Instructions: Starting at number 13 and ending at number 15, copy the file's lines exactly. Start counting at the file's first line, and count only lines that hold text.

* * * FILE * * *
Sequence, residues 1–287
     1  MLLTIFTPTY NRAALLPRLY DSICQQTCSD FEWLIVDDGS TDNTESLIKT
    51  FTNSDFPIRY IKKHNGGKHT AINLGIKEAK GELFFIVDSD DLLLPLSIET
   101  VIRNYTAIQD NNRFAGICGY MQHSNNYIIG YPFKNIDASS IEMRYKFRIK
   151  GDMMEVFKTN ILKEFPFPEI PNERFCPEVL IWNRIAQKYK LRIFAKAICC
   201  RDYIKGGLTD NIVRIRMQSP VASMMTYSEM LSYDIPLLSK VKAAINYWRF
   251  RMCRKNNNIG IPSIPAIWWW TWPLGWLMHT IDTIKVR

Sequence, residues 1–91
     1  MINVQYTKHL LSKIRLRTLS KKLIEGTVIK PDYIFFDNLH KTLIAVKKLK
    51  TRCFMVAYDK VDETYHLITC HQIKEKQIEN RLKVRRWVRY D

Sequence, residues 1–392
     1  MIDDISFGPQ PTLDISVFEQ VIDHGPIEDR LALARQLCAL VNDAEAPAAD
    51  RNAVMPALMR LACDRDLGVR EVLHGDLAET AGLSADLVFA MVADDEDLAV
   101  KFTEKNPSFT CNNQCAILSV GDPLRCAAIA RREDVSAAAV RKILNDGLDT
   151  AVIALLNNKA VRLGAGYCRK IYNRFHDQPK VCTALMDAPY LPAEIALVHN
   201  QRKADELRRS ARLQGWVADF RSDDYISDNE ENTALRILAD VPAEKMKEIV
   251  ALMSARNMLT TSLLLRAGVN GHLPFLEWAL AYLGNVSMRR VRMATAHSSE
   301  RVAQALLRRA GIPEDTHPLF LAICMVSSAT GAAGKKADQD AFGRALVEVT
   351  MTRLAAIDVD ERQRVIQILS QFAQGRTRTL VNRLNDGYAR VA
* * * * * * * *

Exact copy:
    51  RNAVMPALMR LACDRDLGVR EVLHGDLAET AGLSADLVFA MVADDEDLAV
   101  KFTEKNPSFT CNNQCAILSV GDPLRCAAIA RREDVSAAAV RKILNDGLDT
   151  AVIALLNNKA VRLGAGYCRK IYNRFHDQPK VCTALMDAPY LPAEIALVHN